Meaning of forlorn in English:


Pronunciation /fəˈlɔːn/

See synonyms for forlorn

Translate forlorn into Spanish


  • 1Pitifully sad and abandoned or lonely.

    ‘forlorn figures at bus stops’
    • ‘A pathetically forlorn figure, he set out to destroy all traces of the religion of his ancestors.’
    • ‘Friends tell me Paul has been seen walking his dog around the Heath, looking rather forlorn and lonely.’
    • ‘This is the tale of a lonely and forlorn Scotsman, who somehow managed to get himself separated from his drinking companions, and lost in a strange city.’
    • ‘The lonely letter looked forlorn, sitting like an omen on the smooth, glossy surface.’
    • ‘Seeing him sat there all alone like that was kind of sad - he looked so lonely and forlorn.’
    • ‘There the Empress stands today, a somewhat forlorn figure.’
    • ‘His harrying of the opposition robbed Chelsea of time on the ball and he looked a million miles removed from the forlorn figure so often seen this season.’
    • ‘The New Zealander is a totally different animal to the forlorn figure we saw last season, struggling as he was with injury and confidence.’
    • ‘Considering he has taken a stack of wickets, Murali has cut a surprisingly forlorn figure in this series.’
    • ‘The shots were better than good and the swing rhythmic, but the young man in the white shirt still cut rather a forlorn figure.’
    • ‘Nevertheless, this daft, complex and slightly forlorn figure is set to become one of rap's martyrs.’
    • ‘It seemed somehow forlorn and pathetic as if it had been suddenly abandoned.’
    • ‘Hail pelted down on the forlorn figure making her way up an elegant brick path leading up to a cheery little house.’
    • ‘Mark took one last look at the forlorn figure of Tina sitting at the table he had just abruptly left.’
    • ‘When Ruth reached the beach, she saw a forlorn figure sitting near the edge of the sea.’
    • ‘When I called, the tiny forlorn figure sat up and reached out towards us.’
    • ‘I stood a forlorn figure in the dressing-room, the last to get into the bath.’
    • ‘He cut a forlorn figure with no vest and in shoes at least two sizes too big.’
    • ‘They were forlorn, dejected, and pleading, yet so serenely resolved he was compelled to do as she asked.’
    • ‘Lately I've been feeling depressed and forlorn, as if my best friend had just died.’
    unhappy, sad, miserable, sorrowful, dejected, despondent, disconsolate, wretched, abject, morose, regretful, broken-hearted, heartbroken, down, downcast, dispirited, downhearted, heavy-hearted, crestfallen, depressed, melancholy, blue, gloomy, glum, mournful, despairing, doleful, woebegone, woeful, tearful, long-faced, joyless, cheerless, out of sorts
    desolate, deserted, abandoned, forsaken, forgotten, neglected
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  • 2(of an aim or endeavour) unlikely to succeed or be fulfilled.

    ‘a forlorn attempt to escape’
    • ‘The bikers have started burning them down at night in a forlorn attempt to hold back the waves of progress that Phoenix is attracting with its golf courses.’
    • ‘Archaeologists think it may have been built in a forlorn attempt to stave off the effects of climate change 5,000 years ago.’
    • ‘Any such effort would be forlorn, for O'Neill is staying put in Britain.’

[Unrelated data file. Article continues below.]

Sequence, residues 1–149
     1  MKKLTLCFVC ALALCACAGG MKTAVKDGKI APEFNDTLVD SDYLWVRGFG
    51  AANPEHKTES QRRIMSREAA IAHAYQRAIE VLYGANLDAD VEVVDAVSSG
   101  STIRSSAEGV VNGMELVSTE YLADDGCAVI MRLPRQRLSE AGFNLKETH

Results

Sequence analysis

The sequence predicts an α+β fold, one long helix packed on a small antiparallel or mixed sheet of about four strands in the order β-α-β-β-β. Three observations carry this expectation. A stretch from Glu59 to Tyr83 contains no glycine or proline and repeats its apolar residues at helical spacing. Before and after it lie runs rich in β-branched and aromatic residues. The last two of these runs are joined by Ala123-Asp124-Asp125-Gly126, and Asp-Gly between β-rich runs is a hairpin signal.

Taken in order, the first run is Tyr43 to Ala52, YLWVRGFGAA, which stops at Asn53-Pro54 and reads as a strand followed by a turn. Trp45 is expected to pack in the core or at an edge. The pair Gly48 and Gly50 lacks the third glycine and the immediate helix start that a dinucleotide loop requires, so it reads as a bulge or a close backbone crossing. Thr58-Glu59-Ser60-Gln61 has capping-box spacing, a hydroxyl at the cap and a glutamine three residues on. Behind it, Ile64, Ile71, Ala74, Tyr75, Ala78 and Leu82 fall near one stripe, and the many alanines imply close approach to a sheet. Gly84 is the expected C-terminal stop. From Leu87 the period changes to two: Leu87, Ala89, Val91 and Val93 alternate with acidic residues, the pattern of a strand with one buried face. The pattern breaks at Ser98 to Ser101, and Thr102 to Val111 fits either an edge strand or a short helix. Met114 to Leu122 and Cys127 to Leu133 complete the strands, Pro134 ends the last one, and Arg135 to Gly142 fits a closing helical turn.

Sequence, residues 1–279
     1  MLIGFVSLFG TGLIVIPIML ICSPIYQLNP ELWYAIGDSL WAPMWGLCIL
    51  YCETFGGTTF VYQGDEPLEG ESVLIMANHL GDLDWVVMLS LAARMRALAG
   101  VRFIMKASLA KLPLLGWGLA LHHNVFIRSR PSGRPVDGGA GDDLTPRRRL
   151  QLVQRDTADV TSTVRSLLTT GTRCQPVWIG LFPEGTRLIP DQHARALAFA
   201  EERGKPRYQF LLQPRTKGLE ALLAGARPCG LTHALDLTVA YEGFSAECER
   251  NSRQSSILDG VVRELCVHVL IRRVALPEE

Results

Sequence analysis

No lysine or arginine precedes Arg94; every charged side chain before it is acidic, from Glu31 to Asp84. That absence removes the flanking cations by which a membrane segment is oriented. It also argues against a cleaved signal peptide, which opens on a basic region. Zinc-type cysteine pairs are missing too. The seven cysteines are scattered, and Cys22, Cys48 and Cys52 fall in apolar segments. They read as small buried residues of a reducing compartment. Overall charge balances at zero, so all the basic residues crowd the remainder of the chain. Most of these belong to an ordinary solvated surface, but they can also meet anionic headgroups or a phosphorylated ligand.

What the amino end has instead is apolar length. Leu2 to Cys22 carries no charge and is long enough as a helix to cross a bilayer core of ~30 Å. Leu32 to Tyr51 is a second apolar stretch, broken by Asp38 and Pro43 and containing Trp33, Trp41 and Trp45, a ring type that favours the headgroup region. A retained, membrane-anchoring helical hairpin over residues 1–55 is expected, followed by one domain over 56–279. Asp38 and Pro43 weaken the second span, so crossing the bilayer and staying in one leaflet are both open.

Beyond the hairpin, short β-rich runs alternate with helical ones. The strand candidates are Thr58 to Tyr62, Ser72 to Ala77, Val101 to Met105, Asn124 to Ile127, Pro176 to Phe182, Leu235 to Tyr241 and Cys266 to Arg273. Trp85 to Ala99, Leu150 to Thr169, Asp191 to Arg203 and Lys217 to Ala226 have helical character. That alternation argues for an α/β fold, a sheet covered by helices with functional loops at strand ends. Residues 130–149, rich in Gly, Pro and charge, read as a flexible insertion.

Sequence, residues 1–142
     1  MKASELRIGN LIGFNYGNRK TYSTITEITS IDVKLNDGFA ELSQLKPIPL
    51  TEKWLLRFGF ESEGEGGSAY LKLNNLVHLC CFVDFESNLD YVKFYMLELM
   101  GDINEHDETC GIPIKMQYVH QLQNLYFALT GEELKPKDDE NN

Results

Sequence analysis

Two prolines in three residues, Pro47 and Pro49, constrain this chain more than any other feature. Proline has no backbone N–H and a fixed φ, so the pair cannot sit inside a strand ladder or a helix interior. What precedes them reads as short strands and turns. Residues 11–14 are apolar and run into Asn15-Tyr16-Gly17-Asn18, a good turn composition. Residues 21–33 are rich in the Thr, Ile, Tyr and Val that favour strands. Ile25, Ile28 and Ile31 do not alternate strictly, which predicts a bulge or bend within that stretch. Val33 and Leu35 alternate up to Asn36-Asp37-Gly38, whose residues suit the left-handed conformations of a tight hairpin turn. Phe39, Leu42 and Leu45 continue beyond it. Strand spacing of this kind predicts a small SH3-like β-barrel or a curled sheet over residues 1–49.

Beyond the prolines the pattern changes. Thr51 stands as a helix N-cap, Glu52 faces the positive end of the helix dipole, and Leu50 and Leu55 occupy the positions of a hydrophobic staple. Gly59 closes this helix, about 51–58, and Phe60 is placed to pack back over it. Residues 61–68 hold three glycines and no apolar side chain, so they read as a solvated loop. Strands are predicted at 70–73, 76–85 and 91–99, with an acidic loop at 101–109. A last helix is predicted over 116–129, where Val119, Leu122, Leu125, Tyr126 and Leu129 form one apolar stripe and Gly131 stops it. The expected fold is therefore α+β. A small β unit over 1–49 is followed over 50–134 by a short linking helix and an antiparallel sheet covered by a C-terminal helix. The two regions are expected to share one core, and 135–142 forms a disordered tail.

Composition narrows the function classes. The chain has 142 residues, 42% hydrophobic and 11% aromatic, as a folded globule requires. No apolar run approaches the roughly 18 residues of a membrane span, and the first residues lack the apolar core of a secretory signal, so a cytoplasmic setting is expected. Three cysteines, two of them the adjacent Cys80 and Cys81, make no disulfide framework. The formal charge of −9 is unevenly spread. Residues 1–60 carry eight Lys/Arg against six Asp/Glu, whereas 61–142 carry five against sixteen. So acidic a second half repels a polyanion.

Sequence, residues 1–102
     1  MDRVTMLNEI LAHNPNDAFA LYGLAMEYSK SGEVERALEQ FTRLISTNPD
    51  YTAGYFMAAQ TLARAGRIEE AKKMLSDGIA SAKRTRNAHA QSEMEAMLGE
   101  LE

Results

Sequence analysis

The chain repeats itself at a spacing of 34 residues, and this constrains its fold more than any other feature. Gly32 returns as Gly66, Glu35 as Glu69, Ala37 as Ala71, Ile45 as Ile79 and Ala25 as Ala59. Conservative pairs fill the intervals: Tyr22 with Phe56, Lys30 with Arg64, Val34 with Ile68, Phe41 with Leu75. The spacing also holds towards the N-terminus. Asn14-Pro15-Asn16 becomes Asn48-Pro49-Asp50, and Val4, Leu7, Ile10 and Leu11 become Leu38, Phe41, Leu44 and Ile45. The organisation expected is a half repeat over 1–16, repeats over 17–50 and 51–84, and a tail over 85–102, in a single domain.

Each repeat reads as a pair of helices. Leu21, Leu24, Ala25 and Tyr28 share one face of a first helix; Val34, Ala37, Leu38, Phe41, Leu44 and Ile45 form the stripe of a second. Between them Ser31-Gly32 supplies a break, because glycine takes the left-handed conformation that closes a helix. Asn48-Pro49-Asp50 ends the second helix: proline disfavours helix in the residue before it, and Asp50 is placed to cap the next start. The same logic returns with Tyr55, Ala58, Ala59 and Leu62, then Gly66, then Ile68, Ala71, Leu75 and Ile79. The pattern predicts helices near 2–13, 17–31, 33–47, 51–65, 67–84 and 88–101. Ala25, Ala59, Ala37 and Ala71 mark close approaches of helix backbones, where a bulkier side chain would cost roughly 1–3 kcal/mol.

• ‘It always would be, even if his object of forlorn piety never saw him the same way again.’
    • ‘The ragtag Republican forces, resisting him in their forlorn fight against fascism, had encircled the town.’
    hopeless, with no chance of success, beyond hope
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    forlorn hope
    • A persistent or desperate hope that is unlikely to be fulfilled.

      ‘he urged them to stay in the forlorn hope of restoring peace’
      • ‘A forlorn hope, I know - but better than no hope at all.’
      • ‘They would be forced to start at the bottom and work their way back up, but at least derby matches would simply be a hope for the future rather than a forlorn hope.’
      • ‘But that now looks a forlorn hope as the player suffered a setback and is unlikely to get many, if any, competitive matches under his belt before the season ends.’
      • ‘Every professional footballer dreams of playing in the World Cup finals, but when you are approaching your 38th birthday and entering the twilight zone, chances are it's a forlorn hope.’
      • ‘‘With hindsight he accepts that that was probably a pretty forlorn hope considering the size of the internet and the number of people that could access it,’ he said.’
      • ‘So we've been prowling the house, from window to window, from door to door, with almost the same forlorn hope as Harry and Dolly that, if we try hard enough, and often enough, the weather will change.’
      • ‘If they get dragged down with this, they will lose their seats, maybe control of Congress, and if that happens, impeachment talk goes from forlorn hope to a bill.’
      • ‘Despite some optimistic noises about finding a buyer, saving it looks a forlorn hope and prospects for the remaining 300 workers and 1,750 pensioners look bleak.’
      • ‘The 10-year-old cat had gone missing shortly after Shirley moved house - leaving her trawling the streets in the forlorn hope of finding him.’
      • ‘It sounds like a forlorn hope, but you never know.’


      Mid 16th century from Dutch verloren hoop ‘lost troop’, from verloren (past participle of verliezen ‘lose’) and hoop ‘company’. The phrase originally denoted a band of soldiers picked to begin an attack, many of whom would not survive; the current sense (mid 17th century), derives from a misunderstanding of the etymology.


Old English forloren ‘depraved, morally abandoned’, past participle of forlēosan ‘lose’, of Germanic origin; related to Dutch verliezen and German verlieren, and ultimately to for- and lose. forlorn (sense 1) dates from the 16th century.